It is a common question asked by area seniors conducting New York estate planning: How do I know if I have enough money to last the rest of my life? There are no easy answers. A lot depends on the source of income that one has when conducting their planning and exactly how those funds are being used. However, some financial planning tools exist which can provide peace of mind for those who want it, particularly in volatile market conditions. As explained this weekend by Investment News, one of the options is a deferred-income fixed annuity, often known as the main type of "longevity insurance."
Fixed annuities are essentially investment contracts with an insurance company. This means that the insurance company agrees to pay out a set income based on the value of the investment. These annuities can be either deferred or immediate. For estate planning purposes, deferred annuities often allow those thinking ahead to make investments before hand for guaranteed payouts down the road. Many different types of fixed annuities exist. Some are for a set rate of income while others take into account market conditions to some extent--blunting the effect of marketing downturns while allowing the recipient to share in some of the market booms. In this way, our New York retirement planning lawyers realize that lifetime annuities are often beneficial for those thinking about their long-term finances.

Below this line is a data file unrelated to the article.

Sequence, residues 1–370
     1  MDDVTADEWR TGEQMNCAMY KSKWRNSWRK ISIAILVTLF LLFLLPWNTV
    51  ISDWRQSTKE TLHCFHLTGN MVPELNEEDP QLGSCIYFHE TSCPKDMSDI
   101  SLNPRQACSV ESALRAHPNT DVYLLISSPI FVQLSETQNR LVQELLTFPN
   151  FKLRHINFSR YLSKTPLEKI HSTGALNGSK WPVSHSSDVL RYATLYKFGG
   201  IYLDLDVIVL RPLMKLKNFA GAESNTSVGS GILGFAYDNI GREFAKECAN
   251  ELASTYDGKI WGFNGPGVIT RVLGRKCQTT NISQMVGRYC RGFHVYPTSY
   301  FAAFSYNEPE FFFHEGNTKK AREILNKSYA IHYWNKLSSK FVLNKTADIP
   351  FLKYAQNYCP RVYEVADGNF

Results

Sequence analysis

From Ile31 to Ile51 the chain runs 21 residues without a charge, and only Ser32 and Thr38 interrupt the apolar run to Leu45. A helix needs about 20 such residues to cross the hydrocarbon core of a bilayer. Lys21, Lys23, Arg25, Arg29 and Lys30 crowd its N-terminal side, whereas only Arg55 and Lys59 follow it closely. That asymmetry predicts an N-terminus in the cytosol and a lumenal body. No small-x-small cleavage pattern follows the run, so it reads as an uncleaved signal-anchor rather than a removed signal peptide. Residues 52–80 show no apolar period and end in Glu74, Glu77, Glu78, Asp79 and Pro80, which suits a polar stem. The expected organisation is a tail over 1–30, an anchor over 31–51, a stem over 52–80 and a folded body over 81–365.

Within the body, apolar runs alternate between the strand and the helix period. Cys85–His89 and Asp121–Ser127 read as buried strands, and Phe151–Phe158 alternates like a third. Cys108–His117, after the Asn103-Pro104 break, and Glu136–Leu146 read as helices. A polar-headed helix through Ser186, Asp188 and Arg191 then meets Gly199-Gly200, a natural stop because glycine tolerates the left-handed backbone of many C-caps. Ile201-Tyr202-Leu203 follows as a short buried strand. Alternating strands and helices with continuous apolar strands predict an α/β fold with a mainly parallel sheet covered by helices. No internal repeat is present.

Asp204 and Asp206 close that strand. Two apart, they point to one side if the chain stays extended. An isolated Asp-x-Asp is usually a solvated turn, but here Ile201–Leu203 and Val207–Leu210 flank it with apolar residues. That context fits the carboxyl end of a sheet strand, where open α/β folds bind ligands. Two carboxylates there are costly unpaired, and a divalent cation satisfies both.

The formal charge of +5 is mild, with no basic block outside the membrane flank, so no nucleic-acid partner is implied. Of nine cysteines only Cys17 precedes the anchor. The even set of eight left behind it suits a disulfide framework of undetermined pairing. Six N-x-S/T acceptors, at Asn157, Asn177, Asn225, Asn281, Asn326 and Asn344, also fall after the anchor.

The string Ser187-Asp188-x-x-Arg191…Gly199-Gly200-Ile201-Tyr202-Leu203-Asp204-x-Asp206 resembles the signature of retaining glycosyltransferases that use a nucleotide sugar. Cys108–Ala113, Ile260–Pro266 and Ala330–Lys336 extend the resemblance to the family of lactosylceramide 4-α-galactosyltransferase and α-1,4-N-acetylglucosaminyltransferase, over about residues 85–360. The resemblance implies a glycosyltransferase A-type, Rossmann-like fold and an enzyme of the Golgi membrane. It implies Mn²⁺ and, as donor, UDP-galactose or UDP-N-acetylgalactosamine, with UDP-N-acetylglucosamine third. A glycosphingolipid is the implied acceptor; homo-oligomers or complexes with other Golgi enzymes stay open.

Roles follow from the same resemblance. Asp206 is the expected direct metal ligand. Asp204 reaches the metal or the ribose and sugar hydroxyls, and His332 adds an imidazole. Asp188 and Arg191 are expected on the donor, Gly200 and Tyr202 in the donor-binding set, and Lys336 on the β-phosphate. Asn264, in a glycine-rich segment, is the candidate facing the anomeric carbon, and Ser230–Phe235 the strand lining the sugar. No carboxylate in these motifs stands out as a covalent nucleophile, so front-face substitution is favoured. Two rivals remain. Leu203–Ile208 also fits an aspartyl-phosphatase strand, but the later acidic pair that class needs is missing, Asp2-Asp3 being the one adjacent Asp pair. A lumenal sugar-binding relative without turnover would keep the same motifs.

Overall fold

While they may be important investment tools for some, annuities are not for everyone. When compared to other investments, this type of insurance can offer lower rates of return. Many advisors suggest that the insurance is best when higher interest rates are present. This means that investors can put less money up front to get the same guaranteed income stream down the road. Often annuities are used in combination with other investment tools. Yet, many annuity plans have steep penalties for early withdrawal, which is unattractive to some.
However, where appropriate these insurance options are good ways for residents to have the peace of mind of never having to worry about "outliving" their money. In addition, this insurance can be helpful in some situations involving multigenerational trusts. For example, when a senior establishes a trust for an adult child, longevity insurance can be taken out on the adult child's life--the grandchildren are named as beneficiaries. This protects against the risk of the child living too long and using up funds that were intended for grandchildren.
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